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​Five Data Policies that will impact FS in 2023

As consumer attitudes to money alter amid the cost-of-living crisis, it’s vital that privacy policies are implemented to ensure that financial data is used in a controlled and secure manner. This is because such data is highly sensitive and must be protected according to international standards.

To that end, data privacy continues to be a key talking point within the European Union. Alongside this, there is a proliferation of new privacy laws and amendments to existing laws to contend with.

In particular, there are further global developments to be aware of in Australia, Japan, Taiwan, Vietnam, India, Qatar, UAE, Saudi Arabia, Turkey, Canada, Argentina, Vietnam, Switzerland, and several US states, as well as in the UK. Almost half of these are G20 economies, so such changes are anticipated to be important given the inextricable link between information-driven trade ecosystems.

Simply put, should a business suffer data loss of any kind, it risks severe penalties that could impact its business continuity and wider reputation in the long term. Here we outline the statuses of five data policies that could make an impact on the financial services industry in 2023…

UK Data Protection Reform

The Data Protection and Digital Information Bill, otherwise known as the DPDI Bill, was published in July 2022 but hasn’t yet progressed through the legislative process. GDPR in the UK will not be replaced, but there will certainly be a shift away from viewing regulation as merely a box-ticking exercise in 2023.

UK Addendum and International Data Transfer Agreement

Since September 21, 2022, new contracts that involve personal data transfer to areas not under UK GDPR, the International Data Transfer Agreement (IDTA) or the UK Addendum to the EU Standard Contractual Clauses are now being used. Existing contracts approved under the Data Protection Directive (Directive SCCs), will be valid under UK GDPR until March 21, 2024, provided operations and the contract remain unchanged and data transfer is secure.

ICO Guidance and Transfer Risk Assessment (TRA) Tool

The UK Information Commissioner’s Office (ICO) published new guidance on data transfers in November 2022, and provided a new TRA tool. Companies can also choose to follow the European Data Protection Board’s (EDPB) advice.

Future UK Adequacy Regulations

The UK Government will be issuing new post-Brexit adequacy regulations, while conducting adequacy assessments with Australia, Colombia, the Dubai International Financial Centre, Singapore, the US, and South Korea. In the future, this group will go on to include India, Brazil, Indonesia, and Kenya. In addition to this, the UK’s adequacy regulations will also cover credit information processed by controllers.

ICO25 and future regulatory approach

The ICO25 will aim to regulate and review the impact of predatory marketing calls, the use of algorithms within the benefits system, the use of AI software in recruitment for which neurodiverse or ethnic people weren’t considered and tested and support of children’s privacy.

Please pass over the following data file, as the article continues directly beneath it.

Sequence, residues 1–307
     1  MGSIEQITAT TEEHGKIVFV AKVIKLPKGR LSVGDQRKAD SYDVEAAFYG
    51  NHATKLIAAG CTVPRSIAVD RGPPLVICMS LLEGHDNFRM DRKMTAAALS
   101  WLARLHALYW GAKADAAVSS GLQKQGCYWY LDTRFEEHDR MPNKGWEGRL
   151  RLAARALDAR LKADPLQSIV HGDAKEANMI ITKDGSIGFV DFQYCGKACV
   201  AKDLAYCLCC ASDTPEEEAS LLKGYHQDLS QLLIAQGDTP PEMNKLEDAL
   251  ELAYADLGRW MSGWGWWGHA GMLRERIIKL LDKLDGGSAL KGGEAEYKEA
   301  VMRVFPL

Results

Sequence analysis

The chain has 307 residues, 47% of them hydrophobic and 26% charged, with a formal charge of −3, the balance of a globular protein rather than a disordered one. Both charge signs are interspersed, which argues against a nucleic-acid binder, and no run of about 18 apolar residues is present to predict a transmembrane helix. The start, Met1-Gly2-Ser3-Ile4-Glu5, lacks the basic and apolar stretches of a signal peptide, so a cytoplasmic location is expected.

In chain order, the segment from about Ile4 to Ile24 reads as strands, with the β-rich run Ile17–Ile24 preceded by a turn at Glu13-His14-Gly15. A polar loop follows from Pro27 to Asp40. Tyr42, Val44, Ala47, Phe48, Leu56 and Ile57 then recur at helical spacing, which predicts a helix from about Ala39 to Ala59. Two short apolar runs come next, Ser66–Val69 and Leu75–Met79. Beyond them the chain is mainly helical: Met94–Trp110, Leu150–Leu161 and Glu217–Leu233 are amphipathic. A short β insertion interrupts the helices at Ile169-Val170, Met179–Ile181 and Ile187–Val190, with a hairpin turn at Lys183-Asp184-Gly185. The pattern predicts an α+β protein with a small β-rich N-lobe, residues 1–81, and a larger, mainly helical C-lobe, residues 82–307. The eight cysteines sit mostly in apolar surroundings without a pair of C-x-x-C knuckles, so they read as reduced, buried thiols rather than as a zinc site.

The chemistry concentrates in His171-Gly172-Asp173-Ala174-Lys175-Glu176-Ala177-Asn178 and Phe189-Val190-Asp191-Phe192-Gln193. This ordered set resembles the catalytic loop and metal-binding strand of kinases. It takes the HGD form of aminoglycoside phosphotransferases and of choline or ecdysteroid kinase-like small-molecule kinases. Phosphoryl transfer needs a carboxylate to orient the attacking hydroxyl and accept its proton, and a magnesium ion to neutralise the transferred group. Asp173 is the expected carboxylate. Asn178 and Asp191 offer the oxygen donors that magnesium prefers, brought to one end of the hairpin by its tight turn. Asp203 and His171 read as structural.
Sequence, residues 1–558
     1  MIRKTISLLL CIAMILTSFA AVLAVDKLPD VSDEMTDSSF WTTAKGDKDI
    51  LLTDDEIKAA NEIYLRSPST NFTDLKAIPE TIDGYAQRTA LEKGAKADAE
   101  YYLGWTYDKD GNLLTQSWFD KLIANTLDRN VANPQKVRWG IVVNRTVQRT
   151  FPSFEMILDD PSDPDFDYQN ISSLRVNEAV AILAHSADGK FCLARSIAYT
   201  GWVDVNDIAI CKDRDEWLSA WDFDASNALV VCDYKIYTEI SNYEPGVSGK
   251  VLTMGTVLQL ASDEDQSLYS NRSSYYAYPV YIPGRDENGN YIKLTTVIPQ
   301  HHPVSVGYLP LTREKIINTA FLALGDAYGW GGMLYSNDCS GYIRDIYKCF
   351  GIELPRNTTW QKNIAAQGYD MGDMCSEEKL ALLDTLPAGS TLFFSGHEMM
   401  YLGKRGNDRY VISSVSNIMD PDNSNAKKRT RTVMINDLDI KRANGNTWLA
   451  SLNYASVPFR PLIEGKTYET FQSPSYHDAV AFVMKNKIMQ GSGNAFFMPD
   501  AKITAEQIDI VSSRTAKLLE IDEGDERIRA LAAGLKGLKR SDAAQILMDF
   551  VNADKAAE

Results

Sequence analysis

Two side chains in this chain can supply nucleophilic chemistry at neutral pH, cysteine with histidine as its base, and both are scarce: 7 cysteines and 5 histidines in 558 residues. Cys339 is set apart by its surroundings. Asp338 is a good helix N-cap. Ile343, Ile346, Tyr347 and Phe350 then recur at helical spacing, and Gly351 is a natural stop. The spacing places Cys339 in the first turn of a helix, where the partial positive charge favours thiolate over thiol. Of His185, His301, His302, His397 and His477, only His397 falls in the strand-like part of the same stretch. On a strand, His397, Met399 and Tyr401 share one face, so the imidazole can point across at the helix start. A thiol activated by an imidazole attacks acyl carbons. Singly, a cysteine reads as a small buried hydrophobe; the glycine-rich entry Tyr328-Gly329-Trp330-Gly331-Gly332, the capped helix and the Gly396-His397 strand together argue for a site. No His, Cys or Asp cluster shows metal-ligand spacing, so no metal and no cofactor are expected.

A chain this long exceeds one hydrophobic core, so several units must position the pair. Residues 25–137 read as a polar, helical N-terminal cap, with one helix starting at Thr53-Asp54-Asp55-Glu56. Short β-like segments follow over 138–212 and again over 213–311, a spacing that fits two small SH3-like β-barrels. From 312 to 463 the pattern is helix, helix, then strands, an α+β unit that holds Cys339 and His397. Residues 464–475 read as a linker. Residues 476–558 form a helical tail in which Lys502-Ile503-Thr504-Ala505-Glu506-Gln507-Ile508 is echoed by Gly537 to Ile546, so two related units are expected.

All of the above legislation points to how data privacy and protection is now a truly global cause.

In 2020, many industries were forced to move their processes fully online. For example, in the UK, temporary Covid specific guidance on how to conduct Right to Work checks was introduced for employers and now the ability to perform checks digitally is permanent.

The simple fact of the matter is that the digitalisation of manual processes improves the user experience and offers enhanced security when processing and storing personal documents and data. Individuals can assess whether data is being handled in a secure and compliant way, something that is impossible to confirm when employing manual, more admin-heavy methods.

It’s crucial - now more than ever - that businesses are aware of their duty to protect all customer and employee personal information. Organisations can reduce risk and vulnerability to fraud using digital identity verification to securely verify identity and address documents.

They should also question vendors on what their approach is to data protection and privacy by ensuring the highest standards are in place so that their business is not placed at risk. By integrating these digital solutions that also have data protection at their core, companies can overcome any vulnerabilities and develop authentic relationships with their customers.

Top tips for making the most of customer data

These three top tips aim to support businesses as they leverage customer data, while also respecting consumer’s right to privacy:

  • Build trust by taking customer preferences seriously and listening to what consumers want, in line with regulations such as the EU GDPR

  • Manage and take advantage of vast amounts of data while ensuring privacy

  • Harness trust to retain customers.

To that end, employers should harness data privacy processes as a chance for businesses to reflect upon the current state of data governance in their organisation, while acting as a prompt to identify any opportunities for improvement.

Generally speaking, the more transparent a business is on the use of consumer data, the more likely customers will be to have faith in that business and opt to share their information. This means responding appropriately to a customer’s marketing preferences and ensuring all data is stored in accordance with GDPR. Making data privacy a priority is the only way businesses can truly turn customer data into profitable insights that drive growth, success and innovation.

If you’re looking for the best professionals when it comes to implementing data privacy policies and frameworks within your financial services organisation, please get in touch with Mike Ayres, our Principal Compliance & Risk Consultant: